As well as the common internationally celebrated holidays such as New Years and Christmas, Ireland has a few special holidays of its own. Some of them stem from the Catholic tradition, while some were implemented to keep up with the rest of Europe and commemorate the working people. Holidays in Ireland provide time to remember, time to celebrate and time to relax.
The Feast of St. Brigid - February 1st: This coincides with the beginning of Celtic spring in Ireland. St. Brigid is known as Ireland’s foremost female saint, as well as Mary of the Gaels. As patron saint of cattle and dairy, many farmers asks for her blessing on February 1st. Tradition shows that many Irish bake oatcakes to welcome St. Brigid on her feast day.
St. Patrick's Day - March 17th: After all, St. Patrick is the patron saint of Ireland. What better way to celebrate Ireland’s favorite saint than to take a day off work and indulge in a little revelry? St. Patrick’s Day was first introduced as an official holiday in Ireland in 1903 under the Bank (Holiday) Act of 1903 which was initiated by Irish MP James O’Hara in UK Parliament.
Easter Weekend: Holy Thursday, Good Friday, and Easter Sunday are, of course, the highest of holy days in the Catholic religion. Easter Monday extends the weekend, and all schools remained closed for the week. Without a doubt, this is a busy time for travel in Ireland. Good Friday is not technically a public holiday, but all state schools and most businesses close. The sale of alcohol is also illegal in Ireland on Good Friday.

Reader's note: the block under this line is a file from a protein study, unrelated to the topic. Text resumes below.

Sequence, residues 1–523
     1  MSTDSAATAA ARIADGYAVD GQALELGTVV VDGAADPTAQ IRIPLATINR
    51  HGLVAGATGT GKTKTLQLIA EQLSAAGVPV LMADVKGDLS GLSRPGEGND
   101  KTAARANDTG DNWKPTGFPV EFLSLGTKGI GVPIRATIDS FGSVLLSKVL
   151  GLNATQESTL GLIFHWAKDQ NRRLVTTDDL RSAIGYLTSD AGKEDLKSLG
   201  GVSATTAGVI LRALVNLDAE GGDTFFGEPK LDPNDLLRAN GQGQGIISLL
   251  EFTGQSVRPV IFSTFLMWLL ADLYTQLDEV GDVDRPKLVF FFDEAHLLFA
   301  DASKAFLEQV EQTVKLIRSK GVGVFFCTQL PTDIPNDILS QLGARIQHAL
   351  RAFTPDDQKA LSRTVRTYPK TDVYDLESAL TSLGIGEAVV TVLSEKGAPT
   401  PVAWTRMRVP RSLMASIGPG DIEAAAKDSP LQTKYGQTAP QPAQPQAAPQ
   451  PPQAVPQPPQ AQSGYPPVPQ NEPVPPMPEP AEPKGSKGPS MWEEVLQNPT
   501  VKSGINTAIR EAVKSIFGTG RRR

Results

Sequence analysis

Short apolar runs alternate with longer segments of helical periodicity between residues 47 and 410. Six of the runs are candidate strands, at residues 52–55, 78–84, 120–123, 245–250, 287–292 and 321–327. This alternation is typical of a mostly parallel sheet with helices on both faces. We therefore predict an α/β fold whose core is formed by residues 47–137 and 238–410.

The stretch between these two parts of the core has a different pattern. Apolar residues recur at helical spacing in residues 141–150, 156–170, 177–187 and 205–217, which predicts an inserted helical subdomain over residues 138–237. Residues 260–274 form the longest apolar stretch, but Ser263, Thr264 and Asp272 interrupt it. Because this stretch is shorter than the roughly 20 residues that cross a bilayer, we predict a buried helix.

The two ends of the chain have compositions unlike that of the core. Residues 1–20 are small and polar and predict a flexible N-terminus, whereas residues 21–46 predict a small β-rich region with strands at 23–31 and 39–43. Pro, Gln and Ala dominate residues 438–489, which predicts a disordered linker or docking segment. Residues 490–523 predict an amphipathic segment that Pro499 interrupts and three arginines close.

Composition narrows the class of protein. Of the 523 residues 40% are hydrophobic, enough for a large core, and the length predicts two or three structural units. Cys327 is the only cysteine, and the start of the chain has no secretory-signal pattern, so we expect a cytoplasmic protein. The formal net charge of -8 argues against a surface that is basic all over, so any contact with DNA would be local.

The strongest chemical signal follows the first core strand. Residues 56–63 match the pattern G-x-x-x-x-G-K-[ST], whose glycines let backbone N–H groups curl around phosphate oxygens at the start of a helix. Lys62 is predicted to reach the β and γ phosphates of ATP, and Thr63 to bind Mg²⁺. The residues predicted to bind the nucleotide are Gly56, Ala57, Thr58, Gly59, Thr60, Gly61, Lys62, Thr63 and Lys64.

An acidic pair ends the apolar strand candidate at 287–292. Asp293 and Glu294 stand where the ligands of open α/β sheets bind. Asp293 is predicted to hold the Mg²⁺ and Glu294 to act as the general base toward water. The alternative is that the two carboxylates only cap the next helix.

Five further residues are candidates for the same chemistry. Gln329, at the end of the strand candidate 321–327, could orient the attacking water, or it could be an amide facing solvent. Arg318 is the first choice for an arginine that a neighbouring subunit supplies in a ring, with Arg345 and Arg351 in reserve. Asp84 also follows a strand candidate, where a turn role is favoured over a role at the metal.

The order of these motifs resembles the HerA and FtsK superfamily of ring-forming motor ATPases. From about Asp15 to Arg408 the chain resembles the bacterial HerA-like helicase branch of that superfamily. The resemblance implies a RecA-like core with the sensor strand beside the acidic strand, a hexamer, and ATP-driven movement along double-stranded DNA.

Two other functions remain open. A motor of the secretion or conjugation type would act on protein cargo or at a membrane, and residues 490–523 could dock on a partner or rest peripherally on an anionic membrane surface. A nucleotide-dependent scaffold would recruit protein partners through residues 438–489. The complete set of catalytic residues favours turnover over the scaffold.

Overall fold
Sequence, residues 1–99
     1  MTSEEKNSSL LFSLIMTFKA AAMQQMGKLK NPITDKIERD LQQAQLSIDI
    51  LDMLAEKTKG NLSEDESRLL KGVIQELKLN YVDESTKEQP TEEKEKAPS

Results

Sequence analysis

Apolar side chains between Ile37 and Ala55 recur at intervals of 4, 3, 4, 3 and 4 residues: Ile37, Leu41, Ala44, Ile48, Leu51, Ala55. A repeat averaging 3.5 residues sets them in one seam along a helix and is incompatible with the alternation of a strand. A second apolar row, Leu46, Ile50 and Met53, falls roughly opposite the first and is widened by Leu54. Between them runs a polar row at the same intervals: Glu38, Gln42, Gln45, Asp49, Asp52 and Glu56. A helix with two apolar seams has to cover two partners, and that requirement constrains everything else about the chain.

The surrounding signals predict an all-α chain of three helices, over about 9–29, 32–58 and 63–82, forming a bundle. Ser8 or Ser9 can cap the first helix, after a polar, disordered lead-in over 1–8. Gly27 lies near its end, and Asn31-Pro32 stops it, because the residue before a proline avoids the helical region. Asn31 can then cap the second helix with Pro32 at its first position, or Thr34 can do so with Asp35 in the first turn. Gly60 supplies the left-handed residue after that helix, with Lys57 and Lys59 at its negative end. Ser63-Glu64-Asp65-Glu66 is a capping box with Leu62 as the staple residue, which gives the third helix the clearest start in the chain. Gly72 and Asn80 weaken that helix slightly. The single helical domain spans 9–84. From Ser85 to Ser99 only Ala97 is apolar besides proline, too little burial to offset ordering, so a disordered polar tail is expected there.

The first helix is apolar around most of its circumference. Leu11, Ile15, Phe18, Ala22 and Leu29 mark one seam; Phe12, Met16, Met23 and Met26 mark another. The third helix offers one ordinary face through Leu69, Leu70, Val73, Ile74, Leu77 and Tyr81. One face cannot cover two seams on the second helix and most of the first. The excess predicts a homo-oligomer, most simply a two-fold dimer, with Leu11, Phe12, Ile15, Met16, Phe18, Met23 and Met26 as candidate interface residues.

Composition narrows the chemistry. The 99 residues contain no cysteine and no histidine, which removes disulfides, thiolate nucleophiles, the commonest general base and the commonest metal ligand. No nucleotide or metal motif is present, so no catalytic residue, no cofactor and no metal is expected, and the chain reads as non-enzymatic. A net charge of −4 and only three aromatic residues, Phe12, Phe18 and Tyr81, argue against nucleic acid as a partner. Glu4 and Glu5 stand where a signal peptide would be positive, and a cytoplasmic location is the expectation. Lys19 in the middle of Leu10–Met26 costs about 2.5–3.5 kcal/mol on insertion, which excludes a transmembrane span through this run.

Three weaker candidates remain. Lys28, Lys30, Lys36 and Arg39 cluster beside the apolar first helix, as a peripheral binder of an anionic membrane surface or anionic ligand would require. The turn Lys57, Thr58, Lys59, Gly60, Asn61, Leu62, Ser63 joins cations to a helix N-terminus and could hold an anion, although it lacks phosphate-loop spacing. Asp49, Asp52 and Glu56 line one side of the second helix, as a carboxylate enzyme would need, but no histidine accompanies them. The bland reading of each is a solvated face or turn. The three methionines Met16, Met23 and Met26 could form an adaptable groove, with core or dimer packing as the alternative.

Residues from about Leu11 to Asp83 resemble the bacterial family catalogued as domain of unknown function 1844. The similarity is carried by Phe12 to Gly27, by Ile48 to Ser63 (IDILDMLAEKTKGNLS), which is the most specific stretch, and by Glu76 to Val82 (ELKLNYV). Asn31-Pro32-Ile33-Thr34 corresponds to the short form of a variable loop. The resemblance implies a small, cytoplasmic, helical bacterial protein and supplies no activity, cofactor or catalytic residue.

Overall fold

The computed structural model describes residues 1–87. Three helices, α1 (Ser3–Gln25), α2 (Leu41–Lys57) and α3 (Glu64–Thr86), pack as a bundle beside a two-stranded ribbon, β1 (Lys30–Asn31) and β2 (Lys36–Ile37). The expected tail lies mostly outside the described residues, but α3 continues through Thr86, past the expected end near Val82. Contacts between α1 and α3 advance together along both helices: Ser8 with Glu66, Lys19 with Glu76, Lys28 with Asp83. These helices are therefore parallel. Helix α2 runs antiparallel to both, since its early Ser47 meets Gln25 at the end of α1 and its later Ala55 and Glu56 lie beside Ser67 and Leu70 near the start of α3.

Labor Day - the first Monday in May: This is a public holiday to commemorate the working people of Ireland. This holiday was penciled in in 1993 and first observed in 1994. Take some time to travel and relax with family and friends.
Bank Holidays - the first Mondays of June and August and the last Monday of October: These are public holidays from work. Take a load off!
All Saint's Day - November 1st: The day following Halloween is recognized by the Catholic church as a holy day of obligation, and celebrates the lives of the saints in heaven. Practicing Catholics are called to attend Mass on this day.
The Solemnity of the Immaculate Conception - December 8th: This Catholic holiday recognizes the conception of the Virgin Mary, who was born without stain or original sin. Most Catholic primary schools in the country close in observance.
Christmas -December 25th: Celebrated around the world, Christmas Day is the most solemn of all holidays in Ireland. This day honors the birth of Christ in the Catholic religion. Observance includes festive decorations of lights and trees, attending Mass and family gatherings and meals. And, of course, a visit from Santa Claus is in order for the well-behaved children!
St. Stephen's Day, December 26th: This day is to celebrate the first Christian martyr St. Stephen, who was stoned to death shortly after the Crucifixion. However, the Irish celebrations on this day have little to do with the Saint himself. Historically, this day was also about “Going on the Wren” or “Hunting the Wren” as ancient Celtic mythology remembers the days following Christmas as when the robin, representative of the new year, killed the wren, representative of the old year. The picture here shows a 1950 celebration of the hunting of the wren.
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